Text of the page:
Caco-2 cells were seeded in 12-well plates (2 × 105 cells/mL). After reaching confluence, cells were washed in Phosphate-buffered saline (PBS),Gibco-Thermo Fisher Scientific, Waltham, USA) and incubated in antibiotic-free medium (AFM) (untreated control) or subjected to one of the treatments described below, according to the experimental design displayed in Figure 1. In all treatment protocols, Caco-2 confluent cells were supplemented with LF at a concentration of 100 μg/mL for 3 h. Then, in the LF treatment group of experiments, cells were washed in PBS (Gibco-Thermo Fisher Scientific, Waltham, MA, USA) and incubated with fresh medium supplemented with antibiotics (penicillin/streptomycin). Cells were harvested 24 h later for RNA extraction. In the LF pre-infection treatment (washed) protocol, cells were washed in PBS (Gibco-Thermo Fisher Scientific, Waltham, MA, USA), supplemented with fresh medium with antibiotics (penicillin/streptomycin) and infected with SARS-CoV-2 (multiplicity of infection (MOI) 2:1) for 1 h. Twenty-four hours post-infection, cells were harvested for RNA extraction and supernatants for viral titration. In the LF pre-infection treatment (unwashed) group, cells were infected with SARS-CoV-2 (MOI 2:1), without washing away LF. After 1 h, cells were washed and incubated with fresh medium supplemented with antibiotics (penicillin/streptomycin) for further 24 h before harvesting for RNA extraction and supernatants viral titration.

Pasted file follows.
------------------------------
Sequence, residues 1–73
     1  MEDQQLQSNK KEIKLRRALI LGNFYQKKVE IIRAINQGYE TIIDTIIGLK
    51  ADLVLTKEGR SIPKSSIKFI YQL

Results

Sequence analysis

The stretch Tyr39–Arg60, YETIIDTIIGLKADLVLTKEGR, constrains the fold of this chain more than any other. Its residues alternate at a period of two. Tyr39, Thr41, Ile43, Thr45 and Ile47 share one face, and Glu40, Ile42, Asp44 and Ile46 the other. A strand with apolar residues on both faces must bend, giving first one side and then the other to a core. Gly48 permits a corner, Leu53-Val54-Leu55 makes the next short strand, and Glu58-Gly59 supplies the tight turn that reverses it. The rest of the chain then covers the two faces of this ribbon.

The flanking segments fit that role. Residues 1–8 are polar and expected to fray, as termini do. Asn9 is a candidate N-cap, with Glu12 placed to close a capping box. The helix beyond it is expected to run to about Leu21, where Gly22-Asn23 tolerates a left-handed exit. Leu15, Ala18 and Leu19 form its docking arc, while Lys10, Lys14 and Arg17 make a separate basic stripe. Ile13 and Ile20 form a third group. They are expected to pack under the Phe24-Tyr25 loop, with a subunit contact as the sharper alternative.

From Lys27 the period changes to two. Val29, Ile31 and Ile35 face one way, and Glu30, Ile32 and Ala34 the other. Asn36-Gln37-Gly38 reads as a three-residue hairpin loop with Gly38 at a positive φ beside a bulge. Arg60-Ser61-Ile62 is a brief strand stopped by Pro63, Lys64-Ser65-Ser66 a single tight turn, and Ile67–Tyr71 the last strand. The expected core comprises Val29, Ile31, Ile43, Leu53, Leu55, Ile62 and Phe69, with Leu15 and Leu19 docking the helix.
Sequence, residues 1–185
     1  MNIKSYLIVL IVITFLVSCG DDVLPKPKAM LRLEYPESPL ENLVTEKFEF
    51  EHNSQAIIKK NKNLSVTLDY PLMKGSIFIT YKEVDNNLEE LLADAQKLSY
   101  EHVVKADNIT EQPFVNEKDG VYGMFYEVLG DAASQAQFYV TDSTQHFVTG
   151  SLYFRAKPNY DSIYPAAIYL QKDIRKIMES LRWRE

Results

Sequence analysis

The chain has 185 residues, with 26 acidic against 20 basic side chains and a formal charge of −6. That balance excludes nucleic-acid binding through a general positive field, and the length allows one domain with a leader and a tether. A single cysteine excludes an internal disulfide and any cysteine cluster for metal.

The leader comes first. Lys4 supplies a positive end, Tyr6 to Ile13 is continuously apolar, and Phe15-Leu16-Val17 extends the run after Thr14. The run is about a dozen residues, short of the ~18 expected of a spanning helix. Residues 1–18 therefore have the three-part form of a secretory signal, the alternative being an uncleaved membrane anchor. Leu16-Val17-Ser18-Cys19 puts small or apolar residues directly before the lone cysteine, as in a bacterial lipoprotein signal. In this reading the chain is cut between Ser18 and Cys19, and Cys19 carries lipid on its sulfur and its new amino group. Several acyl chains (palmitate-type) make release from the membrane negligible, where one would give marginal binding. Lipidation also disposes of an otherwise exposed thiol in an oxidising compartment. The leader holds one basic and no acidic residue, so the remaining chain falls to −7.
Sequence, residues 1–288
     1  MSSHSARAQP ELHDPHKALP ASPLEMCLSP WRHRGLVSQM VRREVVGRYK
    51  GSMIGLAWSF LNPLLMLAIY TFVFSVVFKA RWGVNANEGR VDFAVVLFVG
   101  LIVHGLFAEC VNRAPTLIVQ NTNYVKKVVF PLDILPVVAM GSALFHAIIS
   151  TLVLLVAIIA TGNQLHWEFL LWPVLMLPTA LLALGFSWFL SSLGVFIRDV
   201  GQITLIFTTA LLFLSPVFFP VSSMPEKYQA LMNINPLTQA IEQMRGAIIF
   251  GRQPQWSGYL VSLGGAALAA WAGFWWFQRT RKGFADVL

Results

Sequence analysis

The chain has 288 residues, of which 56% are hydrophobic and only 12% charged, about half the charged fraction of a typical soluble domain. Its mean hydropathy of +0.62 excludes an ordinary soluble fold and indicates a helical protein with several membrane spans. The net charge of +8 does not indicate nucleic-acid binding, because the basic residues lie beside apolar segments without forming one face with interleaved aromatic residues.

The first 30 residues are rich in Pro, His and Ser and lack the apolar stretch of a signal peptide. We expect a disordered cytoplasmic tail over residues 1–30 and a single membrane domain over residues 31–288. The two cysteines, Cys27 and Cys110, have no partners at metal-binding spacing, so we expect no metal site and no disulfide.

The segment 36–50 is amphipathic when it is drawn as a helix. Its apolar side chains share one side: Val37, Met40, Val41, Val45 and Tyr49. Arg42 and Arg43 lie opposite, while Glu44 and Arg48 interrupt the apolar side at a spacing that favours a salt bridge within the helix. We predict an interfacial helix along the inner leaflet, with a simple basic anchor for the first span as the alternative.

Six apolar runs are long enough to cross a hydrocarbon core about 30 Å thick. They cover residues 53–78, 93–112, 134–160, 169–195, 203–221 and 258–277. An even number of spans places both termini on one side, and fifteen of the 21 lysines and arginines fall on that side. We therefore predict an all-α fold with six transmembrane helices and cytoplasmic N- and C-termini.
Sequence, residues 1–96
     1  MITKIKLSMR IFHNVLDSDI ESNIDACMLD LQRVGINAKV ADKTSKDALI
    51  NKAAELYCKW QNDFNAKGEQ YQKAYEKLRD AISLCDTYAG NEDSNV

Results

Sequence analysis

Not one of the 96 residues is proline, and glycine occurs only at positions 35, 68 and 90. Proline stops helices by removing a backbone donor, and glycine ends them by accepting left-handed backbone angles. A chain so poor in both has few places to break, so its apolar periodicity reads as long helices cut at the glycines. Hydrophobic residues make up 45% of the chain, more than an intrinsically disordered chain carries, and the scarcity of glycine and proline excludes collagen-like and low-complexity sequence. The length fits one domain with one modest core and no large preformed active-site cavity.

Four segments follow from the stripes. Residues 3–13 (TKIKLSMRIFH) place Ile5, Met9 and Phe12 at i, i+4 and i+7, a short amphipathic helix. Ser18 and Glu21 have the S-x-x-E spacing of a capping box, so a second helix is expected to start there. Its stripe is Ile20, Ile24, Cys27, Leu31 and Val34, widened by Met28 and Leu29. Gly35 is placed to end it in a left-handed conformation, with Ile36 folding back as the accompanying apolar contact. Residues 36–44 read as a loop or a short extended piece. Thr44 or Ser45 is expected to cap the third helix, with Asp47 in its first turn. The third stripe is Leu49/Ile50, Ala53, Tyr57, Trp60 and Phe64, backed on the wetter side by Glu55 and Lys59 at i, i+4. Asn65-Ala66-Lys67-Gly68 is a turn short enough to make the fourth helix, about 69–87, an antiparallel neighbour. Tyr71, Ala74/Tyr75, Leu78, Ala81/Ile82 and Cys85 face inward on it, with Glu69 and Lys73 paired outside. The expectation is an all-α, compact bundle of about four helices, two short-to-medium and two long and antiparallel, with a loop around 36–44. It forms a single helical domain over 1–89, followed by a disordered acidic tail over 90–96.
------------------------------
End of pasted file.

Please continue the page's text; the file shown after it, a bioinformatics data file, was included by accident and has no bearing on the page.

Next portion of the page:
2.4. RNA Extraction and Real-Time RT-PCR

Total RNA was isolated using the E.Z.N.A. Total RNA Kit I (Omega Bio-Tek Inc., Norcross, GA, USA) following the manufacturer’s instructions. Contaminating DNA was removed by incubation with RNase-free DNase I set (Omega Bio-Tek Inc., Norcross, GA, USA). Complementary DNA synthesis and amplification were performed using the iTaqTM Universal Probes One-Step Kit (Bio-Rad, Milan, Italy) according to the manufacturer’s directions in an ABI PRISM 7000 Sequence Detection System (Applied Biosystems, Foster City, CA, USA). The cycling conditions were: 50 °C for 10 min, 95 °C for 3 min, and 40 cycles at 95 °C for 15 s and 60 °C for 60 s. The expression of the target gene was normalized to the expression of the GAPDH housekeeping gene. The specific forward and reverse primers used are summarized in Table 1 and were designed with Primer-BLAST software. RdRp IP2 and CoV E primers specific for SARS-CoV-2 detection were taken from the Pasteur Institute and Charitè protocol, respectively [30]. Data are presented as a mean fold change over the control.

2.5. Immunofluorescence